Lainz, the city, was a strange combination of target and defense. Now with the winter dry just beginning, it was still astonishingly green. All those Earth plants had been locked behind stone, when the city had folded shut in the hope of surviving the attack from Prime. All the loggias out on the soaring, spiraling bridges had simply turned and formed a single swirling cone on top of the butte above the water basin. Now it looked like a collection of water lilies floating, roots trailing, around the central spiral, vines everywhere providing shade besides feeding the city, poised on the edge of the deep, narrow canyon.

The bees glittered everywhere. On the rock they were rebuilding, on the Earth flowers, on some of the people. Millions of different sizes and colours of bees, that made all of this city possible. He looked down at a green and gold worker, with a pink flower petal in its jaws, that had just landed on his hand. It was covered in golden and maroon pollen dust. It waved its antenna at him, and took off.

The east face of the canyon shone white and then black as the shadow cut across it. Ribbons of stone painting red and greenish and white and cream stripes disappearing into the hazy distance south and north. From where he stood he couldn't the green stripes of terraces built into the west wall of the canyon where the bulk of the food crops were grown in sheltered slots in the rock where the water and light could be exactly controlled.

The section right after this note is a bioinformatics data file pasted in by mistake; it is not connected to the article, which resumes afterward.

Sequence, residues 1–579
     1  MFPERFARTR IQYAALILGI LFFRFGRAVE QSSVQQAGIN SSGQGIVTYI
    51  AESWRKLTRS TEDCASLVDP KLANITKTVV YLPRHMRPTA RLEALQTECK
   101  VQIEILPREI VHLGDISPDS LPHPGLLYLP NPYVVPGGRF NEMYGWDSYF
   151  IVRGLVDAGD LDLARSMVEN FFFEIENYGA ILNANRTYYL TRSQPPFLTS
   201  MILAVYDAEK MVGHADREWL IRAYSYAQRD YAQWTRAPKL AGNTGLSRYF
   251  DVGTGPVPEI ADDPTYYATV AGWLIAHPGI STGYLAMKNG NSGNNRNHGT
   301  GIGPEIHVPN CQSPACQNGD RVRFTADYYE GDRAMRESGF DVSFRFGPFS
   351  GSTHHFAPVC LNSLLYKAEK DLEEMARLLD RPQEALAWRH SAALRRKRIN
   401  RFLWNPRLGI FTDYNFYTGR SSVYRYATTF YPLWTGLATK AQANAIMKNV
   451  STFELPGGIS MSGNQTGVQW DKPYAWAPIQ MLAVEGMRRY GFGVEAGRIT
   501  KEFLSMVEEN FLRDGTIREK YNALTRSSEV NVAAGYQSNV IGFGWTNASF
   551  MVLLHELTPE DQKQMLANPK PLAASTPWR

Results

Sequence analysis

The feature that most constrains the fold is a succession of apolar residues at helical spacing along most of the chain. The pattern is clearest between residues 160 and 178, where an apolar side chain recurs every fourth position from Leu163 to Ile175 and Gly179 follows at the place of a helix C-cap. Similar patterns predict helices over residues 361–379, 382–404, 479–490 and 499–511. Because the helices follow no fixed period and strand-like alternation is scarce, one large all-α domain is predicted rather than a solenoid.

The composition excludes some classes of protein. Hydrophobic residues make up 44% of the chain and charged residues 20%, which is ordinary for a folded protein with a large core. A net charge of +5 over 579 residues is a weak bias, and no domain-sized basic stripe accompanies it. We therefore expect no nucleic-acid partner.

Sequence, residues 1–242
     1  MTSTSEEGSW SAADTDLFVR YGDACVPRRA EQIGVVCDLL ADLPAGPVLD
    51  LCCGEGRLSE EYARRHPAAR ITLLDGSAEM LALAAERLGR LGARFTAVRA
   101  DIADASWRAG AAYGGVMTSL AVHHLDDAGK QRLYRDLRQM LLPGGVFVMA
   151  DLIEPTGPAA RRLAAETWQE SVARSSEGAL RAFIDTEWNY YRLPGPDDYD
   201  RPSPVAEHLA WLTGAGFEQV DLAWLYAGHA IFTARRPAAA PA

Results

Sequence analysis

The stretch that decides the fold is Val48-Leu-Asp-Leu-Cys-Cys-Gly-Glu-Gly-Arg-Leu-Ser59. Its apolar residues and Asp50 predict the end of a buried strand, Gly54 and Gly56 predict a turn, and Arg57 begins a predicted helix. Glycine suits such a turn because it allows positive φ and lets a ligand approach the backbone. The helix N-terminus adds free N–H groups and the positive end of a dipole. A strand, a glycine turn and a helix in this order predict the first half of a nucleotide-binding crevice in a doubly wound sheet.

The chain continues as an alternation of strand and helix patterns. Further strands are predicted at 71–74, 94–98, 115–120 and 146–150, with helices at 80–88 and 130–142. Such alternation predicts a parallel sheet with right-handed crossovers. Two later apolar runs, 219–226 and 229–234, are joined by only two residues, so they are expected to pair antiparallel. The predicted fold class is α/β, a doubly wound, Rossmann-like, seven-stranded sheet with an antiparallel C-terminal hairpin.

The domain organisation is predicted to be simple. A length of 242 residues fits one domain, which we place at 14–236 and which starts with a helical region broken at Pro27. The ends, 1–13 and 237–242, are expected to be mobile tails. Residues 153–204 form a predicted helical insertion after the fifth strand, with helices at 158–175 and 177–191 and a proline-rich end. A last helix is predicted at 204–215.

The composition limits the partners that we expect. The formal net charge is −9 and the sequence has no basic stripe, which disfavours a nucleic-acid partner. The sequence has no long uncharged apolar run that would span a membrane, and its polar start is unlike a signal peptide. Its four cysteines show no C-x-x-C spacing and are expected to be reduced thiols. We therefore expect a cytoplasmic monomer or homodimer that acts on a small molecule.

The crowds of people hurried past him, every one of them veiled. Terry had to struggle against the urge to tip his hat to every woman passing by, as was polite. They were already giggling at his top hat. Even in all the strange clothing, the full filter veil instead of a cravat raised when the grit got too thick, he clung to his hat as the last part of his life from before, even if it made no sense here in this wind and sand scoured desert.

From the canyon bottom a thousand feet below came an undulating spark, the sparkling clouds of bees parting to let it through. Firedrake One took his time flying up from the river, coiling in the air as he wings and scales burned blue/white. When he crossed into the sunlight, from the shadow, he looked more like a bushdragon, even though his colours were all wrong for it.